The first layer, which was coated directly on the support consisted of 0.1076 g/m2 Prosil 221, an aminopropyltriethoxysilane, (PCR, Inc.), 0.1076 g/m2 Prosil 2210, a proprietary epoxy trialkoxy silane, (PCR, Inc.) and LiCl (0.0022 g/m2) in an ethanol-methanol-water solvent mixture.

The second layer consisted of Makrolon KL3-1013 (Bayer AG) at 1.52 g/m2, Lexan 141-112 polycarbonate (General Electric Co.) at 1.24 g/m2, FC431 (3M Corp.) at 0.011 g/m2, Drapex® 429 polyester plasticizer (Witco Corp) (0.23 g/m2), 8 μm crosslinked poly(styrene-co-butyl acrylate-co-divinylbenzene) elastomeric beads (Eastman Kodak Co.) (0.006 g/m2) and diphenylphthalate at 0.46 g/m from dichloromethane.

The third, and topmost layer of the receiver element consisted of a copolymer of 50 mole-% bisphenol A, 49 mole-% diethylene glycol and 1 mole-% of a poly(dimethylsiloxane) block at a laydown of 0.55 g/m2, FC431 at 0.022 g/m2, and DC510 silicone fluid surfactant (Dow Corning) at 0.003 g/m2.

B. Donor Element

Protective layer donor elements were prepared by coating on 6 μm PET (poly(ethylene terephthalate)) support:

On the back side of the element were coated the following layers in sequence:

1) a subbing layer of 0.13 g/m2 titanium butoxide (Dupont Tyzor TBT®) from an 85% n-propyl acetate and 15% n-butyl alcohol solvent mixture.

2) a slipping layer containing an aminopropyl-dimethyl-terminated polydimethylsiloxane, PS513 (United Chemical Technologies, Bristol, Pa.) (0.011 g/m2), a poly(vinylacetal)( Sekisui KS-1) binder (0.38 g/m2), p-toluenesulfonic acid (0.0003 g/m2), candellila wax (0.022 g/m2) coated from a solvent mixture of diethylketone, methanol and distilled water (88.7/9.0/2.3)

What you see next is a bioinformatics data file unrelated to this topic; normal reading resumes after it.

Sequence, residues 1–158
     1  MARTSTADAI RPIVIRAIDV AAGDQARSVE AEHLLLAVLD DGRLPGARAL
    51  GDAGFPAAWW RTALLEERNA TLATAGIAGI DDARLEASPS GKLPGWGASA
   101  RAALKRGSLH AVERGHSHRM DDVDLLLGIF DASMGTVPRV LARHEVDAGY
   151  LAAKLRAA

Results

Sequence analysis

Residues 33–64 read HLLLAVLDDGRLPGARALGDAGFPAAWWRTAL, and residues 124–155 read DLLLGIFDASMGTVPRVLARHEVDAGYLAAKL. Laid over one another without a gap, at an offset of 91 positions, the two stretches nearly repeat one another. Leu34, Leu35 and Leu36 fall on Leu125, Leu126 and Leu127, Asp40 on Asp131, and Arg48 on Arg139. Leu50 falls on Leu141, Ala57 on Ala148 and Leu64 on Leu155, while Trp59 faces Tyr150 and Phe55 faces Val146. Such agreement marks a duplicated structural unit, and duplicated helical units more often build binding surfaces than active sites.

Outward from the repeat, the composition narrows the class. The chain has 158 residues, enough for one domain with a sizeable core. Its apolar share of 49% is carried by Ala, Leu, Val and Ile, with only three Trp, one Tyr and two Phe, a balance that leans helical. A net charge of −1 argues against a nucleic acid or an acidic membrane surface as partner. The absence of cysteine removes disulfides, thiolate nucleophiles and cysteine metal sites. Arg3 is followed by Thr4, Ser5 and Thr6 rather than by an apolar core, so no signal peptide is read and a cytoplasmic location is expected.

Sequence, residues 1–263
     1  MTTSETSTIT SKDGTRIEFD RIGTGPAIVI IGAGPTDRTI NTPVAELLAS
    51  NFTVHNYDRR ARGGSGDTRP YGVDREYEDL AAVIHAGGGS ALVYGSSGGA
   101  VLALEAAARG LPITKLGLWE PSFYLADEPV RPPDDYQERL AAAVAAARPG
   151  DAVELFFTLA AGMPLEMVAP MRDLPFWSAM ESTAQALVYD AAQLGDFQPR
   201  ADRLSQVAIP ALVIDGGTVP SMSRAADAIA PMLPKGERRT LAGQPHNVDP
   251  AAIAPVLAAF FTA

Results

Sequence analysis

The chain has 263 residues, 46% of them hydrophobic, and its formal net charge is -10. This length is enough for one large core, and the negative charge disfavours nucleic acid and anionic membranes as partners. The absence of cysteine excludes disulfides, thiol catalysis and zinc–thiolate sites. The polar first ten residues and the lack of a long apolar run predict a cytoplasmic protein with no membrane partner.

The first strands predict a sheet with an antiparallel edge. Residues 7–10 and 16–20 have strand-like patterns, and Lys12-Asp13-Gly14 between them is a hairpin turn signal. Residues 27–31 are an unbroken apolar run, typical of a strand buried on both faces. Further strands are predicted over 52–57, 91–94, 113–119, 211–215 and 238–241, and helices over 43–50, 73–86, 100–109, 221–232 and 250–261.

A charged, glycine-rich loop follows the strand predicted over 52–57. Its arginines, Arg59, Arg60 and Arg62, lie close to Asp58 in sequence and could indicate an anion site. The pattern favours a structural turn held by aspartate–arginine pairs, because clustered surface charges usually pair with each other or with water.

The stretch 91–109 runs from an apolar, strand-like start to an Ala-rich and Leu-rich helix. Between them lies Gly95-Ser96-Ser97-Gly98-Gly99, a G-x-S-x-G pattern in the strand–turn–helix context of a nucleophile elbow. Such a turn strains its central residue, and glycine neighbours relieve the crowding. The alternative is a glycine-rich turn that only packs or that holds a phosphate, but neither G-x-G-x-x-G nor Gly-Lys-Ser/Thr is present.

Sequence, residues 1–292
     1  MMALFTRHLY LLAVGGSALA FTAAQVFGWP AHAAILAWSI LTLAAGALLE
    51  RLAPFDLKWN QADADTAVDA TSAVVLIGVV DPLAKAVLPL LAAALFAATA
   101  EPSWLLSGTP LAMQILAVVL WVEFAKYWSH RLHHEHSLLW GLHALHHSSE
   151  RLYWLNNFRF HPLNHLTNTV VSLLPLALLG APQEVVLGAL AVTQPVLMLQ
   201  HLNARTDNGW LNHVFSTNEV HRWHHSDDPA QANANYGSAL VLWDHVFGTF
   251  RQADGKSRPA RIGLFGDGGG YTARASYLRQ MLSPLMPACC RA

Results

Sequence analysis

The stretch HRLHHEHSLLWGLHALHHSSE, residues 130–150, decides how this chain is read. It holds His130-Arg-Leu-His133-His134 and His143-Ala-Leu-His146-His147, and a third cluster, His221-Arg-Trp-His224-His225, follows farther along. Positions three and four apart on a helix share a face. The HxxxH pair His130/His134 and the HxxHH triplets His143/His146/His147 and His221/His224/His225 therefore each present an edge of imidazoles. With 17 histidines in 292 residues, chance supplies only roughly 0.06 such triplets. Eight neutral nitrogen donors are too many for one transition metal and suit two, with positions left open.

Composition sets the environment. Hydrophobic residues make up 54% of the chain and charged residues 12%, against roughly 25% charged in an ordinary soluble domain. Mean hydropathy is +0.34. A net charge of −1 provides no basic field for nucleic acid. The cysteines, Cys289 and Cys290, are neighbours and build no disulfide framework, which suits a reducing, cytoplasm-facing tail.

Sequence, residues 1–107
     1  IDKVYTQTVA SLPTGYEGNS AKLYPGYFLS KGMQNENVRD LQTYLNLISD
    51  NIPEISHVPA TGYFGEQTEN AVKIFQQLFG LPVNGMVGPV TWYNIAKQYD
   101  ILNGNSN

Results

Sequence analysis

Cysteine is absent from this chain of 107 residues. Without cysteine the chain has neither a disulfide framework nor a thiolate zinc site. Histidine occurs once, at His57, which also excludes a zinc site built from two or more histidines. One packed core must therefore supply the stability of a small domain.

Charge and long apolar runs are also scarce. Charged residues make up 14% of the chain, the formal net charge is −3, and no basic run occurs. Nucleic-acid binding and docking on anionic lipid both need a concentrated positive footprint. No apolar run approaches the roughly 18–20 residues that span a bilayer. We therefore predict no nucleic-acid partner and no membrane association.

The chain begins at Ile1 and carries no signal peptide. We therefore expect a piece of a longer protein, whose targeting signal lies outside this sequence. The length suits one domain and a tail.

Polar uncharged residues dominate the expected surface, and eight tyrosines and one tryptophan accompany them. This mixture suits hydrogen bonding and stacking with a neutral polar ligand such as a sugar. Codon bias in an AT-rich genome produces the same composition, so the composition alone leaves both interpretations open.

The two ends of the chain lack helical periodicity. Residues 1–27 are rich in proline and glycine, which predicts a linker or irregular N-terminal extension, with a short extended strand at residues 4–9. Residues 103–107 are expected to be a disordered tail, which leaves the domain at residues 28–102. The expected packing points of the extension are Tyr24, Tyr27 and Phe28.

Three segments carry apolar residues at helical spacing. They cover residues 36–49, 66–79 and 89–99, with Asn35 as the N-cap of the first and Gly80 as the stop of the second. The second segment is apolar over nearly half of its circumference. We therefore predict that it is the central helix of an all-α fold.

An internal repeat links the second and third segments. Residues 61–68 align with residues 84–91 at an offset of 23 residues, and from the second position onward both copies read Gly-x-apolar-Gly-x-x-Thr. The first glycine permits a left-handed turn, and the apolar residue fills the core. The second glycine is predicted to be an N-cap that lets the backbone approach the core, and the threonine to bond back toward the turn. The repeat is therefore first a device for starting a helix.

Control Element C-1

On the front side of the element was coated a transferable overcoat layer of poly(vinyl acetal), KS-1, (Sekisui Co.), at a laydown of 0.63 g/m2, colloidal silica, IPA-ST (Nissan Chemical Co.), at a laydown of 0.462 g/m2, and divinylbenzene beads, 4 micron average diameter, (Eastman Kodak Company), at a laydown of 0.011 g/m2, coated from a 79% 3-pentanone and 21% methanol mixture.

Element 1 of the Invention

On the front side of the element was coated a transferable overcoat layer of poly(vinyl acetal), KS-1, (Sekisui Co.), at a laydown of 0.432 g/m2, colloidal silica, MA-ST-M (Nissan Chemical Co.), at a laydown of 0.335 g/m2, poly(vinyl butyral), Butvar B-76®, (Solutia Inc.) at a laydown of 0.043 g/m2, Expancel microspheres 461-20-DU (Expancel Inc.), at a laydown of 0.38 g/m2, coated from a 75% 3-pentanone and 25% methanol solvent mixture.

C. Image Plane Giving Coarse Texture

In the example generated below an image plane in the form of a checkerboard pattern was created from individual pixels by selecting the size of the individual squares in the checkerboard to be one or more pixels (eg.—nine pixels/square). The applied energy was adjusted through the digital value assigned to the number of pulses.

D. Test Conditions